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Details of Grant 

EPSRC Reference: EP/V057022/1
Title: Procedural Geometry for Humans
Principal Investigator: Kelly, Dr T
Other Investigators:
Researcher Co-Investigators:
Project Partners:
Department: Sch of Computing
Organisation: University of Leeds
Scheme: New Investigator Award
Starts: 01 November 2021 Ends: 31 October 2024 Value (£): 382,018
EPSRC Research Topic Classifications:
Artificial Intelligence Computer Graphics & Visual.
Fundamentals of Computing Information & Knowledge Mgmt
Software Engineering
EPSRC Industrial Sector Classifications:
Creative Industries
Related Grants:
Panel History:
Panel DatePanel NameOutcome
13 Sep 2021 EPSRC ICT Prioritisation Panel September 2021 Announced
Summary on Grant Application Form
Procedural geometry (PG) approaches use computer programs to create geometric models. For example, creating large scale 3D virtual cities instantly or searching aerospace procedural design spaces to optimise fuel consumption. Such powerful toolchains currently require users to first write complex computer programs, typically requiring expert knowledge of software engineering, linear algebra, and trigonometry. The lack of these obscure technical skills in the design and creative communities limits the number of people who can use PG to improve both their productivity, and the quantity, quality, and optimality of their designs.

PG has been well developed for niche domains, but its potential to improve productivity beyond expert users is neglected. As Esri Research notes "while CityEngine brings cutting edge procedural modelling to urban design professionals, the learning curve to create procedural rules means that we rely on large rule libraries to avoid the steep learning curve associated with writing procedural programs". This project will, for the first time, combine machine learning and high-context relational representations to make procedural geometry accessible to humans who do not want to code computer programs.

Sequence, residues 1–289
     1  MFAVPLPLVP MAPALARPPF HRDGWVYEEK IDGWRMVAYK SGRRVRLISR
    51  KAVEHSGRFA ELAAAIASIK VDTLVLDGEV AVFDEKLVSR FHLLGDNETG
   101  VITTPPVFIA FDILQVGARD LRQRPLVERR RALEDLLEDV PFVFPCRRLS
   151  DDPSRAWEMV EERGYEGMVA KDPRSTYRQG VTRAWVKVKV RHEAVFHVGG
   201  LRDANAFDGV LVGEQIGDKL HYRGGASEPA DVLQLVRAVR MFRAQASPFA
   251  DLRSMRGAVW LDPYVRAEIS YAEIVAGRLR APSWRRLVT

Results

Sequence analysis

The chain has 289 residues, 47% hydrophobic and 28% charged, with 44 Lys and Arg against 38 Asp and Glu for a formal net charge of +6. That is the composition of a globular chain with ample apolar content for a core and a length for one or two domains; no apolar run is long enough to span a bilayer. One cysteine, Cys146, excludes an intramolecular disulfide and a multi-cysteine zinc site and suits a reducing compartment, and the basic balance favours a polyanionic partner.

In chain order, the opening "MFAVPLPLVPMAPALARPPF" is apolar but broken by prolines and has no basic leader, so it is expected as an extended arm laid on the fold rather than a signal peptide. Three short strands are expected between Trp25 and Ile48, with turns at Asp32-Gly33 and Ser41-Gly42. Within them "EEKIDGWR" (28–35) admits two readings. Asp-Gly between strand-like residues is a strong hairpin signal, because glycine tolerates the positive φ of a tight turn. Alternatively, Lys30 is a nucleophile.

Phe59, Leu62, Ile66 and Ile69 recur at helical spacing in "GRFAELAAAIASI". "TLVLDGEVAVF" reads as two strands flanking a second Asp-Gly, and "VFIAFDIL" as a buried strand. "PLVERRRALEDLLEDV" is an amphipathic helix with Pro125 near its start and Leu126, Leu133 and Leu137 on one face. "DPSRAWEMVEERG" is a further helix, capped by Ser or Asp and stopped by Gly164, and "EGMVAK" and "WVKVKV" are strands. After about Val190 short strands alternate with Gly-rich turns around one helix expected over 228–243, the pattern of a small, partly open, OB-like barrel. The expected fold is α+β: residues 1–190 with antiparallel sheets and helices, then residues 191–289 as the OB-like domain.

Procedural Geometry for Humans (PGH) will make PG accessible to a new audience of design and creative industries. It will develop novel deep learning approaches to geometric program generation in tandem with robust industry-facing prototype development; such prototypes will supply training data for machine learning (ML) whilst ensuring that our solutions are applicable to real-world problems.

Initially, we will design a representation for programmable geometry (WP1). Unlike existing approaches which store human-written code, the format will be optimized for automatic generation with ML from limited user given examples, rather than coding efficiency. From this platform PGH will engage with stakeholders to identify, define, and refine parametric applications of the representation; these will be leveraged to produce the first geometric procedural models dataset (WP2). The dataset and representation will be used to develop and train a novel deep neural network to generate PG by learning over the geometric contexts (WP3).

Finally, given this novel system we will demonstrate the utility and suitability of the PGH system for real world problems (WP4) by developing several PG-specific applications and demonstrators; these will apply the system to real-world problems which illustrate the power of PG (such as model fitting and the evaluation of massive-scale PGH models), and present the PGH system in a package suitable for application to industry and future research.

Industries which can benefit from PGH include building information modelling (estimated 2016 market size $3.16bn), video game development ($108bn in 2017), and movie post-production ($7.1bn in 2015).

The PI has extensive experience of procedural modelling in industry and research environments; this proposal will form the foundation of their future career. The postdoc hired for the project will have the opportunity to undertake world-class research, develop a publishing record, and benefit from the experience of the PI. This proposal combines the PI's deep knowledge of the procedural modelling industry with novel machine learning approaches to address the issues of generality and usability in PG. A publicly available implementation of PGH will provide a spring-board for industry to explore potential productivity gains while the creation of a PG dataset will provide the ML community to approach the issues that block industry from commercial opportunities in PG. Publications will explore ML for 3D geometry generation, the relationship between perceptual geometric relationships and the programs which generate them, procedural design in complex domains, and demonstrate the applicability of these new techniques to current industry problems.

Key Findings
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Organisation Website: http://www.leeds.ac.uk